40. NUG – This abbreviated form of “nugget” refers to any of a cannabis plant’s dried buds. The genetic composition of cannabis varies significantly by plant, and as such, their nugs differ quite a bit in size.
  41. PAKOLOLO – The Hawaiian word for cannabis is Pakalolo, which made its way into the English language around the start of World War II before losing traction in later years. Former President Barack Obama’s biography references his love of pakalolo as a young adult – bringing the term back into our mainstream lexicon.
  42. POT – Regardless of your feelings on cannabis, you’re undoubtedly familiar with the term “pot.” You may not have known that it originated as a shorted form of “potiguaya” – the Spanish word for the leaves of a cannabis plant.
  43. PURPS – Cannabis flower buds with purple coloration are sometimes referred to as “purps.”
  44. RAINY DAY WOMAN – The Bob Dylan song “Rainy Day Woman” implies that he turns to Mary Jane for comfort from the coldness of the world. As such, “rainy day woman” is sometimes used as a clever term for cannabis.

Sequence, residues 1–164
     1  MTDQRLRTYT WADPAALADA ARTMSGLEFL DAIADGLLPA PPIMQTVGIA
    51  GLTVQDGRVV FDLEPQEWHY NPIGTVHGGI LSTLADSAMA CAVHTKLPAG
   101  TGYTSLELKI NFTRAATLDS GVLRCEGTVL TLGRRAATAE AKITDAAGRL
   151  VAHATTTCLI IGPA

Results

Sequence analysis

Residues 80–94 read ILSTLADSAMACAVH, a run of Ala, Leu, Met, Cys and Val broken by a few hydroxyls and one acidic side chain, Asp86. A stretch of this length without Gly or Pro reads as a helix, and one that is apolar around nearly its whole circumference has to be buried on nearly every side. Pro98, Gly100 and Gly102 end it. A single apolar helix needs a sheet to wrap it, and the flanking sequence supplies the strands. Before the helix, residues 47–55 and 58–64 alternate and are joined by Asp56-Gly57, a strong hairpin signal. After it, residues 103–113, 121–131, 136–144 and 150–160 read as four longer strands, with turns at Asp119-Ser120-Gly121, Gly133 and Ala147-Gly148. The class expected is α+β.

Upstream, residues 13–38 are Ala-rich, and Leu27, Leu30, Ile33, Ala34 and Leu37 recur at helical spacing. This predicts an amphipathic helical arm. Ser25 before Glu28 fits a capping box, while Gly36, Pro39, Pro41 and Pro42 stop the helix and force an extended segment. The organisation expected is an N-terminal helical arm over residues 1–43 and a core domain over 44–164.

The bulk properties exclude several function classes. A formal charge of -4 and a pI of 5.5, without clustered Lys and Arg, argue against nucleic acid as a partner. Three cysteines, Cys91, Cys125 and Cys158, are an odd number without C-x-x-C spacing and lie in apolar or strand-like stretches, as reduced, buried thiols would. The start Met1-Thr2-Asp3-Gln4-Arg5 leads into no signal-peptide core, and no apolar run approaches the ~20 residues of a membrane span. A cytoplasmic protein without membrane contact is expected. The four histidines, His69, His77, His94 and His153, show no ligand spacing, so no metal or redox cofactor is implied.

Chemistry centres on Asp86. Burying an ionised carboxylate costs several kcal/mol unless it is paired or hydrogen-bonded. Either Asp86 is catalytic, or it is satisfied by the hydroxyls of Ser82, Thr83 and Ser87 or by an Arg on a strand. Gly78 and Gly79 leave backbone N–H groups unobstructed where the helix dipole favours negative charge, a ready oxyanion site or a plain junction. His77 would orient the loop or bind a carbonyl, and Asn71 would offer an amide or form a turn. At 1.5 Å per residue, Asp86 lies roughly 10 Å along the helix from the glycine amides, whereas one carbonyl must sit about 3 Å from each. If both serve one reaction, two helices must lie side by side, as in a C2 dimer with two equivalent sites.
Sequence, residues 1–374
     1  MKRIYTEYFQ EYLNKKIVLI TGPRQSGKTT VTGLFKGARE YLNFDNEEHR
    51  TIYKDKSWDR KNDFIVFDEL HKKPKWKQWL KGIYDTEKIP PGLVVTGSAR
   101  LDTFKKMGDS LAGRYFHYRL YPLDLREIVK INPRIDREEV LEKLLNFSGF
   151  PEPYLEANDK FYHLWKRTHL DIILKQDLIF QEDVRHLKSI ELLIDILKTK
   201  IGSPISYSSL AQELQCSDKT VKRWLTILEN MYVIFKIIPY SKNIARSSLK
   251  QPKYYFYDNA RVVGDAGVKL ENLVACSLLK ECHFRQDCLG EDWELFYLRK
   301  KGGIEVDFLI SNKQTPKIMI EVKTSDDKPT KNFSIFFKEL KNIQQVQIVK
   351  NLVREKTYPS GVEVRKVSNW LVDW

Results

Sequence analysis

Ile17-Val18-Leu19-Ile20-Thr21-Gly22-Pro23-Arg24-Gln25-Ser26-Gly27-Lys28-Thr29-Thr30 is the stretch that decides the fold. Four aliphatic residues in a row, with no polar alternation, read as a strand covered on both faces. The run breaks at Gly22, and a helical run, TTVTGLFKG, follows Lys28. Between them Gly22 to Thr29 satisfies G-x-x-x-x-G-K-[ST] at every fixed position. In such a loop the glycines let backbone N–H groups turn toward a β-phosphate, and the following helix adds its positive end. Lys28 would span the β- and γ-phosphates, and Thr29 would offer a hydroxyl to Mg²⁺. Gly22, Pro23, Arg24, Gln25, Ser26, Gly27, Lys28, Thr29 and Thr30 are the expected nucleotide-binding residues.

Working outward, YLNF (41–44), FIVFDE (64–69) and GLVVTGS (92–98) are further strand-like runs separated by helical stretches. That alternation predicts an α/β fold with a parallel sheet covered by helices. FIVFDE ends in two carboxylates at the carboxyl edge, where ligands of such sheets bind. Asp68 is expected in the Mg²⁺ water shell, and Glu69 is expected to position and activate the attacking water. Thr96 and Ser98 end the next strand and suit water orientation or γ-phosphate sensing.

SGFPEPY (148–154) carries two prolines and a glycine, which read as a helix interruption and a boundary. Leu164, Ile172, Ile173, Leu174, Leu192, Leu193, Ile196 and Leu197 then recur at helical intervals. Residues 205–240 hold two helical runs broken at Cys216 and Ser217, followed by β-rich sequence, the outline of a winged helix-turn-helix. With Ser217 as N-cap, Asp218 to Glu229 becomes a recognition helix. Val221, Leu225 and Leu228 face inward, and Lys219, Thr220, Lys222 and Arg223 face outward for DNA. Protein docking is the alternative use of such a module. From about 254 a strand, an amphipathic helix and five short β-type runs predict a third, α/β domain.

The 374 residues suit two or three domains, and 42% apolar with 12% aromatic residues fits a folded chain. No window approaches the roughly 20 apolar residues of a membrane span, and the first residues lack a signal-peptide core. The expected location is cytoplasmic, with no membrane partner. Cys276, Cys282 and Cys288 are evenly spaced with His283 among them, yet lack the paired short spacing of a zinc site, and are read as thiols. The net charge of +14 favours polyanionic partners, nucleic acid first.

45. REEFER – Some have suggested that “reefer” originated from “grifa,” a Spanish word for cannabis. The term gained popularity after the fear-mongering 1936 propaganda film “Reefer Madness,” which has earned a legendary status in the cannabis community for its comically ridiculous premise and claims.
  46. SENSIMILLA – This word, meaning “seedless,” refers to the life cycle in which adult cannabis plants haven’t been fertilized – generally considered to be the optimal stage by growers. “Sensimilla” is typically used to reference top-quality buds.